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« GOP Primary For Illinois Governor Still Unsettled | Blog Home Page | Crist Camp Offers Mock Speech For Rubio »

CPAC Marks Rubio's Debut In National Spotlight

For all the attention Marco Rubio has received in the past year, he's still something of an unknown quantity to many of the conservative activists who have been drawn to his campaign for Senate in Florida. Considered a rising star on the right, Rubio now faces his first major audition on the national stage tomorrow when he delivers the opening keynote address at the Conservative Political Action Conference in Washington.

"It's safe to say that it's the largest audience that he's spoken to at any point in the campaign," said Alex Burgos, Rubio's campaign spokesman. "It's ultimately an opportunity to share his message, to share his experience with fellow conservatives and talk about the stakes in this race. It's an honor."

Rubio, former speaker of the Florida House of Representatives, serves in a roll filled most recently by Paul Ryan and Mike Pence, Congressman seen as playing a key role in shaping the message of the GOP into the future. CPAC organizers point to their keynote speeches as launching pads for that leadership role.

"We try to select someone who we see as an articulate and thoughtful conservative who we believe will deliver an inspiring message to those attending the opening session of the conference, and who we believe is someone attendees should take notice of because he or she will have incredible influence inside and outside the movement in he future," said David Keene, CPAC chairman.

There will certainly be some pressure to justify the outsized persona Rubio has developed as a poster-child for the resurgent right (he's already graced the cover of National Review). And the audience Rubio will be speaking to at the conservative confab is expected to be one of the largest ever, organizers say, with as many as 10,000 attending.

Rubio released a Web video Tuesday previewing his address. "I really, truly believe America is at an extraordinary crossroads. We need to decide which kind of country we want to be going forward," he says.

Rubio will not likely come into the conference with a prepared speech; someone who routinely lampoons President Obama for his reliance on a teleprompter wouldn't likely have his own. Instead, as is his style, he will likely prepare a general outline but largely speak "from the heart" about his principles and the conservative movement.

His remarks will likely mirror what Rubio has been discussing on a local level in his campaign against centrist Gov. Charlie Crist. But he'll also expand on the direction of the Democratic-controlled Washington and the role of the conservative movement.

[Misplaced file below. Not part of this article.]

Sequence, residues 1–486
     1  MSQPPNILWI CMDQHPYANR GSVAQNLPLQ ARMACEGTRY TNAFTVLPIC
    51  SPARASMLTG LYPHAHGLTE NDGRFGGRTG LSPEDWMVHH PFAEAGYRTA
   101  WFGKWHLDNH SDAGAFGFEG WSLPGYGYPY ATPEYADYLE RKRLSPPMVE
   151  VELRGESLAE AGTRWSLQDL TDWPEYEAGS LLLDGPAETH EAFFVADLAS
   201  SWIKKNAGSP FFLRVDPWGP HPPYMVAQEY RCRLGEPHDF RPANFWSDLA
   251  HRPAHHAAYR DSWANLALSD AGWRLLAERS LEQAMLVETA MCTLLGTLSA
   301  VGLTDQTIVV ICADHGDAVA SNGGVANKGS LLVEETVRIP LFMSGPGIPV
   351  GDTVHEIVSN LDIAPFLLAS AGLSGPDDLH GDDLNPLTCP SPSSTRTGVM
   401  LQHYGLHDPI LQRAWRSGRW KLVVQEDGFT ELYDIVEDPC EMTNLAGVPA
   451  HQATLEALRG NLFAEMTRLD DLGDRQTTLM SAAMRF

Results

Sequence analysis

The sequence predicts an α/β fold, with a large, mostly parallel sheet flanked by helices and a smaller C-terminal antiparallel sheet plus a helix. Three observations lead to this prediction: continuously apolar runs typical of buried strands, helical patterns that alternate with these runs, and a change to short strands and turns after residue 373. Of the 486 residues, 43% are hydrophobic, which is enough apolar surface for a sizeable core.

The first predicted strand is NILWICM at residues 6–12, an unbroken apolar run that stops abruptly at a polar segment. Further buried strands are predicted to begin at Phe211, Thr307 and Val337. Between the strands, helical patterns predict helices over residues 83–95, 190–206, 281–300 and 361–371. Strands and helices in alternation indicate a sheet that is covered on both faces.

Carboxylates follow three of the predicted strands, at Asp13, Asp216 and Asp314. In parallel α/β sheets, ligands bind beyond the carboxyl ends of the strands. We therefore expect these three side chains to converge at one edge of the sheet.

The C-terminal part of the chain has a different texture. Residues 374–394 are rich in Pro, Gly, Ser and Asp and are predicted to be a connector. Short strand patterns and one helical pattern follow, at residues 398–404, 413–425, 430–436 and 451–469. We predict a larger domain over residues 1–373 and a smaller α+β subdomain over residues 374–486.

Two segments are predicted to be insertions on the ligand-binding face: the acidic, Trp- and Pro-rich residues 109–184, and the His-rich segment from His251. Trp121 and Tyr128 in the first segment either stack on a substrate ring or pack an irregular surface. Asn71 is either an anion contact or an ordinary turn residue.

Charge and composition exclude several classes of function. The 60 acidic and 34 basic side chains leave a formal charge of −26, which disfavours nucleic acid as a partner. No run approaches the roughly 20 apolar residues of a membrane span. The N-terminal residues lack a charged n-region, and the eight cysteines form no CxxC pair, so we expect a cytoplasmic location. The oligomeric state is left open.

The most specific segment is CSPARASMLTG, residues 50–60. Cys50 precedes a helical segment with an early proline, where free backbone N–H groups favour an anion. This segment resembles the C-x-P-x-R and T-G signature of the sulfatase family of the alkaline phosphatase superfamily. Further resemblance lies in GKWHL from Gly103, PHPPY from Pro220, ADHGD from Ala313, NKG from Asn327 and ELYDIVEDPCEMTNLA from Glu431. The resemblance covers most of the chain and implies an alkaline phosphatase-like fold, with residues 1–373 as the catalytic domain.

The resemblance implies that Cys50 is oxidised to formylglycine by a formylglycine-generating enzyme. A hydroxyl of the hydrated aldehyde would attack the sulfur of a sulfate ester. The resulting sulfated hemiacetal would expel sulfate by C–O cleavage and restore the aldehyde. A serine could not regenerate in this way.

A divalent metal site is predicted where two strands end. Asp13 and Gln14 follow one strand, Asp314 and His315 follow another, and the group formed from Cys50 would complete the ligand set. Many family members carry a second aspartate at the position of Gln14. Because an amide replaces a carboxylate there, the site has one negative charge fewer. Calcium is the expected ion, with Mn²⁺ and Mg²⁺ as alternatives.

"Ultimately the message will reflect the message that has allowed him to rise to the point where he is today," Burgos said.

Rubio will have a busy schedule beyond the speech and the conference itself. Among some finance events is a gathering with other Beltway conservatives hosted by Cesar Conda, a former policy aide to Vice President Cheney and the Romney campaign who switched his endorsement from Crist to Rubio this week. Expected to attend are Reps. Pence and Ryan, Sens. Jim DeMint and Jim Inhofe, Mary Matalin, Liz Cheney and former Reps. Vin Weber and J.C. Watts.

His turn in the spotlight comes at an event where presidential politics is always on people's minds. Mitt Romney and Tim Pawlenty will be speaking as they lay the groundwork for national campaigns. And in Rubio, attendees see someone already being discussed as a potential vice presidential selection.

But Rubio isn't looking past the race before him now, his campaign stresses. In fact, the campaign is organizing around the speech, with watch parties planned for supporters across the state. For its part, the Crist campaign hopes to spoil the moment by making a new offensive questioning Rubio's credentials. On Tuesday, Florida reporters received materials documenting alleged conservative conversions on a host of issues.

"CPAC attendees will be very disappointed to learn [that] the real Speaker Rubio, despite his high-flying rhetoric, supports a carbon tax, is soft on guns and spent so drastically as Speaker it was deemed 'shocking,'" said Andrea Saul, the Crist campaign's communication director. "No matter what lengths Speaker Rubio takes to hide his record, he is still just a big-spending Miami lobbyist."